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Kenya: Impact of technology on tax administration

published on Mai 23, 2018

​The rapid wave of technology advancement in the digital world and modern economies has shaped modes of operations in all industries through creation of new opportunities and testing of existing boundaries. This is welcome by revenue authorities who leverage on modern technology as a tool to challenge the norm of tax administration.



Through technology, tax administrations have streamlined tax operations to broaden tax bases and cushion tax evasion which has consequently increased tax collection. This begs the question- how much has technology impacted tax administration?

The Kenya Revenue Authority, a recognized leading technology-driven revenue administrator, has implemented online platforms such as i-Tax, Integrated Customs Management System (i-CMS), Customer Relationship Management System, Cargo Scanner Management Solution and Excisable Goods Management System among others as strategic instruments to improve tax compliance and minimizing operation costs.


Efficiency and effectiveness

Since employing online systems in tax administration, tax revenue and levels of compliance have steadily improved in Kenya over the years, as a result the KRA collected 1.366 trillion in the 2016/2017 financial year; an added Kshs 115 billion from its previous year’s collection after tax procedures became fully digitalized in 2016. The autonomic transformation of the KRA procedures has also led to notable success in filing returns, remitting payments, applying tax refunds, lodging tax objections, applying tax waivers and requesting tax compliance certificates among others.

Furthermore, systems such as i-Tax provide real time updates of tax accounts which have eased reconciliation of statements with the tax authority. As a result this has built trust among taxpayers through the enhancement of transparency and promotion of accountability.

During the 3rd Annual Tax Summit for Africa themed “Rethink, Remodel, Rebuild: Enhancing Tax Systems for Sustainable Economic Development” The KRA Commissioner-General, Mr. John Njiraini reaffirmed the organization’s commitment to transform the nation’s tax systems through service facilitation to promote efficiency and effectiveness in tax operations.

“KRA has been at the forefront in transforming the country’s tax system with the goal of enhancing efficiency and tax compliance to achieve a friendlier and a more participatory tax regime,” Mr. John Njiraini reiterated.


Curb tax evasion

Employing contemporary technology in tax procedures has been a successful pillar in fishing out tax fraudsters and tax evaders who have cost the government billions in lost revenue. It was estimated through a 2015 report compiled by the Tax Justice Network - Africa (TJN-A), that Kenya losses Sh639 billion annually in tax evasion by multinational corporations.  The KRA through its Investigations and Enforcement Department have made grounds on identifying tax evaders who have grown bolder in their fraudulent activities.

In the wake of tax reforms, the KRA has singled out fictitiously registered companies and suspended inactive PINs. This was evident mid last year when the KRA de-listed over 95,000 pins of VAT non-compliant taxpayers. Moreover, over 4.8 million taxpayers face the risk of their pin being deregister for not activating their accounts on i-Tax. Mr. Njiraini asserted that the success they have achieved would not have been possible if it were not for the technology the revenue authority has employed.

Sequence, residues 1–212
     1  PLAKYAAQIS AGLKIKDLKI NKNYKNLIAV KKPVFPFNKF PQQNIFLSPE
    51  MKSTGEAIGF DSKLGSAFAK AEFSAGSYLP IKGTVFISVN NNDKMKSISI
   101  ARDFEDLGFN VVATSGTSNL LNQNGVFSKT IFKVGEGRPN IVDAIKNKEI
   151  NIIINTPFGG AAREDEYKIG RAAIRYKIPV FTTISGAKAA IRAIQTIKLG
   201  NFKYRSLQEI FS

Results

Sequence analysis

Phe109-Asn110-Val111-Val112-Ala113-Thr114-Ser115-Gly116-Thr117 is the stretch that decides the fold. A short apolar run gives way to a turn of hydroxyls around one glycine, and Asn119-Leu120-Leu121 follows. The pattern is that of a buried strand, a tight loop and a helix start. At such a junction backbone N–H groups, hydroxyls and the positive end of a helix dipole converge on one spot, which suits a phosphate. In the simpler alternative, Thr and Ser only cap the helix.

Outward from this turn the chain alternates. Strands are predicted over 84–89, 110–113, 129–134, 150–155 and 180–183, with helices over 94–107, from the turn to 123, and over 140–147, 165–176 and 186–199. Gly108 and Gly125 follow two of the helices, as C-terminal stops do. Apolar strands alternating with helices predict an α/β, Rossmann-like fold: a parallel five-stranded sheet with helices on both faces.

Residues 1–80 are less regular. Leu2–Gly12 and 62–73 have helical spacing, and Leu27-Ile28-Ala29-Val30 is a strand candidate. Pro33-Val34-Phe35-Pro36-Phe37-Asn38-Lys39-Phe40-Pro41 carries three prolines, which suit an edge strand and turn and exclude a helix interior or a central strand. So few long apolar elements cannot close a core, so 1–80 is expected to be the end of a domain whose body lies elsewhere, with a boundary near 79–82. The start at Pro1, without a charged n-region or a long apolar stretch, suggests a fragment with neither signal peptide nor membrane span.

“Up until last year, we did not have a dedicated intelligence unit, yet the biggest risks to tax collection are fraudsters, including cybercrimes. The projects we have installed have really transformed our operations,” Mr. Njiraini stated during the conference.


Developments in tax and technology

The unprecedented pace of technology advancement has seen many human jobs being lost to machines and artificial technology. As a result, this has sparked debates of a novel “robot tax” which was first coined by Bill Gates in an interview with Quartz.

Employees who would pay principal tax on their salaries are being replaced by robots that perform the same duties. It’s argued that the revenue gap the government would earn should be replaced with a new tax on technology.

The proposed tax discussion is only a foot in the door of the impending novel tax laws set to be introduced from technology revolution in the new word. Other impending new taxes are social media tax in Uganda and web tax in Italy.

Ugandan government proposed 200 Ugandan shillings ($0.05) tax on online subscribers using social media platforms such as Twitter, Facebook, Skype, Viber and Whatsapp. The tax proposal could be enforced as early as July this year.

Web tax in Italy is set to target tech companies such as Google, Youtube and Facebook who generate billions in profits abroad but pay minimal taxes for supply of digital services. The move is set to add an extra 114 million Euros to the Italian treasury coffers if it is implemented next year January. The tax has had a snow-ball effect as Germany, France and Spain consider its introduction in their jurisdictions. 
It is evident technology evolution has greatly impacted tax administration in the recent years. As the national budget grows amid budget deficits and missed revenue targets, it is be prudent for the KRA to leverage on more technology to fulfill its mandate. This will ensure the national treasury collects more revenue to achieve a financially self-sustained economy.


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George Maina

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